“This work could help advance efforts to develop drugs that increase levels of this enzyme in the brain, creating a chemical ‘blockade’ against the debilitating effects of neurodegenerative disorders,” said Hui-Chen Lu, who led the study. Lu is a Gill Professor in the Linda and Jack Gill Center for Biomolecular Science and the Department of Psychological and Brain Sciences, a part of the IU Bloomington College of Arts and Sciences.

Previously, Lu and colleagues found that NMNAT2 plays two roles in the brain: a protective function to guard neurons from stress and a “chaperone function” to combat misfolded proteins called tau, which accumulate in the brain as “plaques” due to aging. The study was the first to reveal the “chaperone function” in the enzyme.

Misfolded proteins have been linked to neurodegenerative disorders such as Alzheimer’s, Parkinson’s and Huntington’s diseases, as well as amyotrophic lateral sclerosis, also known as ALS or Lou Gehrig’s disease. Alzheimer’s disease, the most common form of these disorders, affects over 5.4 million Americans, with numbers expected to rise as the population ages.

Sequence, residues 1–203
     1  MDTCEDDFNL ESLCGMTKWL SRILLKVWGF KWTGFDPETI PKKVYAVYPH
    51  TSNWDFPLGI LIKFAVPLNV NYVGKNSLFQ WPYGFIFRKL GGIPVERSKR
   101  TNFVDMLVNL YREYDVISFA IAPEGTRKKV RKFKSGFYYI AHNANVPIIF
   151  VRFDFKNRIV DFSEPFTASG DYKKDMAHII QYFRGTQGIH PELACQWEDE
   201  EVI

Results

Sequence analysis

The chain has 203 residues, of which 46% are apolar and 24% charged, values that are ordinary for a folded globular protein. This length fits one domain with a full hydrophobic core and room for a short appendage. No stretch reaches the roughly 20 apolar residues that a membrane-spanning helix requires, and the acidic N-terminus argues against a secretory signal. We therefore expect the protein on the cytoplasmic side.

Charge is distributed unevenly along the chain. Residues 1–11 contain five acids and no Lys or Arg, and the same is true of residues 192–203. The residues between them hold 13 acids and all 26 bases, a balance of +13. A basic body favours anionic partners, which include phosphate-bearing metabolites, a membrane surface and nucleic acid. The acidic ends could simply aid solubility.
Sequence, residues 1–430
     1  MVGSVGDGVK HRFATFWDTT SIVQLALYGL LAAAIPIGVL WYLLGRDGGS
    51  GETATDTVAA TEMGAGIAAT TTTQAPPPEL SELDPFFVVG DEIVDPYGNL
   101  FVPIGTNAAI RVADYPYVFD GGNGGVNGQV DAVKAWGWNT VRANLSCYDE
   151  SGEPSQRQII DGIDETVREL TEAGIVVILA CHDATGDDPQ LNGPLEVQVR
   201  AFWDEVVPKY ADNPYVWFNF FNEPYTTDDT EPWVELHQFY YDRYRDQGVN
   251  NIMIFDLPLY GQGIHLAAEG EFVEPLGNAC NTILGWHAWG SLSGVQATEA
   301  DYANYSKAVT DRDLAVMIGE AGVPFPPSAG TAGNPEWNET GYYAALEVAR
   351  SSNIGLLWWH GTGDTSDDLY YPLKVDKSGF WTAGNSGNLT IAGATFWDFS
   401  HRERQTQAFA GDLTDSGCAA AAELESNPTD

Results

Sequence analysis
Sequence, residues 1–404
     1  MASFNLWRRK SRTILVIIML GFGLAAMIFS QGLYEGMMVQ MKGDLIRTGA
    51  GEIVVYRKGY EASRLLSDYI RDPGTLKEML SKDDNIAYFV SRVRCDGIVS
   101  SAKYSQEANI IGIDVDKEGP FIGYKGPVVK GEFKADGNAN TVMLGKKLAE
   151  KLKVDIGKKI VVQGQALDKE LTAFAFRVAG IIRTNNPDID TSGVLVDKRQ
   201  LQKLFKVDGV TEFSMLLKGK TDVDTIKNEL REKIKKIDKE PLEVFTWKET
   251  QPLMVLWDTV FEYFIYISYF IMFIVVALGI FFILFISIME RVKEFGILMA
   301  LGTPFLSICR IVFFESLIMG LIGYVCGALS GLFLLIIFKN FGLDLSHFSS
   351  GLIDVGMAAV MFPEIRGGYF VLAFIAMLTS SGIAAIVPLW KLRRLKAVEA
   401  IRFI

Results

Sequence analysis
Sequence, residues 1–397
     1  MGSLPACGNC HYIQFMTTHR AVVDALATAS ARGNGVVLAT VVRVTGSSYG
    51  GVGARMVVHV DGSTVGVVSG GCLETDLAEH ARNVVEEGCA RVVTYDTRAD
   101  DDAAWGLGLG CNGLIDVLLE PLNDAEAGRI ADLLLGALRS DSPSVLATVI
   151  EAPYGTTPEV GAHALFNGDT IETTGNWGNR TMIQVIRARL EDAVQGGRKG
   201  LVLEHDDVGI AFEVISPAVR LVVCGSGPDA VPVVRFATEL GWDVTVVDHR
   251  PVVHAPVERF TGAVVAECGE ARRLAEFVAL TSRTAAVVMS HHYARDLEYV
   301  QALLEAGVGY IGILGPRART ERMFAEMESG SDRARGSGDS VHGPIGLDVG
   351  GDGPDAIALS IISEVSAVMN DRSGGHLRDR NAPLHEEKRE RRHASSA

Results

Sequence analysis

To identify substances with the potential to affect the production of the NMNAT2 enzyme in the brain, Lu’s team screened over 1,280 compounds, including existing drugs, using a method developed in her lab. A total of 24 compounds were identified as having potential to increase the production of NMNAT2 in the brain.

One of the substances shown to increase production of the enzyme was caffeine, which also has been shown to improve memory function in mice genetically modified to produce high levels of misfolded tau proteins.

Lu’s earlier research found that mice altered to produce misfolded tau also produced lower levels of NMNAT2.

To confirm the effect of caffeine, IU researchers administered caffeine to mice modified to produce lower levels of NMNAT2. As a result, the mice began to produce the same levels of the enzyme as normal mice.

Another compound found to strongly boost NMNAT2 production in the brain was rolipram, an “orphaned drug” whose development as an antidepressant was discontinued in the mid-1990s. The compound remains of interest to brain researchers due to several other studies also showing evidence it could reduce the impact of tangled proteins in the brain.

Other compounds shown by the study to increase the production of NMNAT2 in the brain — although not as strongly as caffeine or rolipram — were ziprasidone, cantharidin, wortmannin and retinoic acid. The effect of retinoic acid could be significant since the compound derives from vitamin A, Lu said.

An additional 13 compounds were identified as having potential to lower the production of NMNAT2. Lu said these compounds are also important because understanding their role in the body could lead to new insights into how they may contribute to dementia.

“Increasing our knowledge about the pathways in the brain that appear to naturally cause the decline of this necessary protein is equally as important as identifying compounds that could play a role in future treatment of these debilitating mental disorders,” she said.